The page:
It is well known that challenging decisions made by adjudicators
under the Building and Construction Industry Payments Act
2004 (Qld) (BCIPA) is very difficult.
The Supreme Court of Queensland decision in Thiess Pty Ltd v
Warren Brothers Earthmoving Pty Ltd is a recent example where
a challenge to a BCIPA adjudication was successful - in interesting
On 31 December 2011, Warren Brothers delivered a payment claim
to Thiess claiming more than $500,000. The dispute centred on item
1 of the payment claim, where Warren Brothers claimed $101,032 from
Thiess delivered a payment schedule disputing the payment claim
on a number of grounds, specifically alleging that an amount of nil
was payable for item 1.
After receiving the payment schedule, Warren Brothers advised
Thiess (through a document entitled 'WBE's response to
payment schedule') that it had recalculated the amount of its
payment claim and was reducing the amount claimed for item 1 by
more than $60,000.
On 30 January 2012, Warren Brothers brought an adjudication
application under the BCIPA in relation to its claim.
In its adjudication application, Warren Brothers advised the
adjudicator that it had recalculated its claim as set out in the
'WBE's response to payment schedule' document. In its
adjudication response, Thiess also expressly pointed out to the
adjudicator that Warren Brothers had reduced its claim for item
On 20 February 2012, the adjudicator delivered his decision.
Despite the concessions made by Warren Brothers in relation to
item 1 of the payment claim, the adjudication decision awarded
$101,032.48 to Warren Brothers for item 1, with the total
adjudication in favour of Warren Brothers amounting to $480,035.00.
There was an obvious error by the adjudicator in relation to item
When the error was brought to the adjudicator's attention,
the adjudicator wrote a letter to the Court and the parties stating
Although I was fully aware of the submissions made by the
parties as it relates to the concession made by the claimant and
acknowledged by the respondent, I failed to remind myself of the
concession during my deliberations and final drafting of the
decision, and I accept full responsibility for my mistake and any
resulting consequence or action to be taken in this regard by the
Court or by the Registrar. Simply put, 'I forgot'.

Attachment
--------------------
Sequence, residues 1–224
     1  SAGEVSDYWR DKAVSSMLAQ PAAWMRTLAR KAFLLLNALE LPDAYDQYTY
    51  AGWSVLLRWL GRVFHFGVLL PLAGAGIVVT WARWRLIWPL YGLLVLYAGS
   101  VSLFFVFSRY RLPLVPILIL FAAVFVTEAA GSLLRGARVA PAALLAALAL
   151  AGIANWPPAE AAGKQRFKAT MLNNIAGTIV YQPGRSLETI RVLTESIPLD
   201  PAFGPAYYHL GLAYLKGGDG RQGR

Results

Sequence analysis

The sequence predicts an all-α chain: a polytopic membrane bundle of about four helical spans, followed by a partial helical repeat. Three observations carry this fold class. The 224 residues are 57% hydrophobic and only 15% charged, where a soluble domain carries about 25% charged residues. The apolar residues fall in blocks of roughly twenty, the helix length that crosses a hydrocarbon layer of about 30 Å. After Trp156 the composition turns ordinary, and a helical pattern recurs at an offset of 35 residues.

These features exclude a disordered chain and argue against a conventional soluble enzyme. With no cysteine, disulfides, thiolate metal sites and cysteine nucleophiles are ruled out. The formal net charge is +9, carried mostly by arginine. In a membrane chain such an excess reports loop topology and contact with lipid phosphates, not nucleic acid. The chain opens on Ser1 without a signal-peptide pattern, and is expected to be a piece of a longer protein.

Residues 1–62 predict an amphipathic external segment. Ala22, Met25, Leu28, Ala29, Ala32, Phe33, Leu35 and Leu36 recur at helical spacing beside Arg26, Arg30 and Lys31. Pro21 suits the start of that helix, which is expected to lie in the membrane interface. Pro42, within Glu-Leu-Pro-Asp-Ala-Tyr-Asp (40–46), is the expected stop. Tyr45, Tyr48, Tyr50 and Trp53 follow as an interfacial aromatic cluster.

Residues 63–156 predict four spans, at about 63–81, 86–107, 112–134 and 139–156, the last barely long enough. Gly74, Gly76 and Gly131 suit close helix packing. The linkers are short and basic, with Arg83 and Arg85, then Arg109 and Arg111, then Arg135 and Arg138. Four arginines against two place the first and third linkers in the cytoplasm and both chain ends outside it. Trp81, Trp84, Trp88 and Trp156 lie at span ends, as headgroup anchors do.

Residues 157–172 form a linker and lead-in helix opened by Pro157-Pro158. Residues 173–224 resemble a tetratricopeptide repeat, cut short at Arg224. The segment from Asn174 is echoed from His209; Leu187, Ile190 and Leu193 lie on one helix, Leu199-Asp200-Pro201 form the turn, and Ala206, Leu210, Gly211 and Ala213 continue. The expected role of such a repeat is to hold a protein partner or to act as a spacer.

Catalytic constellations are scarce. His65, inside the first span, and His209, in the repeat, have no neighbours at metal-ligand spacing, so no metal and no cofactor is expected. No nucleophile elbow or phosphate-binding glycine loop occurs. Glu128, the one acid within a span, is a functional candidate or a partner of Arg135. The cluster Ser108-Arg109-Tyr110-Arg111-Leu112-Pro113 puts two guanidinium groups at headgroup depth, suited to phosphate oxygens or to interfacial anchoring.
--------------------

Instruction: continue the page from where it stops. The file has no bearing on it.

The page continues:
The Court's decision
Her Honour Justice Ann Lyons declared the entire adjudication
decision to be void.
Her Honour held that, in failing to take into account the
submission of Thiess in its adjudication response, the adjudicator
failed to take into account something he was required to take into
account under the BCIPA and that, as such, the entire adjudication
decision was void.
In reaching her decision, her Honour expressed the view that
this was not a mistake or error that resulted from an accidental
slip or omission, so the adjudicator's error could not be
corrected as a 'clerical mistake' under section 28 of the
BCIPA or under the 'slip rule' in rule 388 of the
Uniform Civil Procedure Rules 1999 (Qld).
Further, her Honour considered that under the BCIPA there was no
scope for the incorrect part of the adjudicator's decision to
be severed from the rest of the decision. This meant that her
Honour had no option but to declare the entire decision void. Her
Honour expressed the view that legislative reform needs to be
considered in relation to this aspect of the BCIPA regime.
The case confirms that a jurisdictional error that affects part
of an adjudication decision will render the entire decision void.
In this case, an error over an amount of approximately $60,000
invalidated the entire decision in favour of Warren Brothers for
It will be interesting to see whether her Honour's comments
about legislative reform will result in an amendment to the BCIPA.
In the meantime, those involved in adjudication proceedings should
keep this decision in mind when considering challenges to
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guide to the subject matter. Specialist advice should be sought
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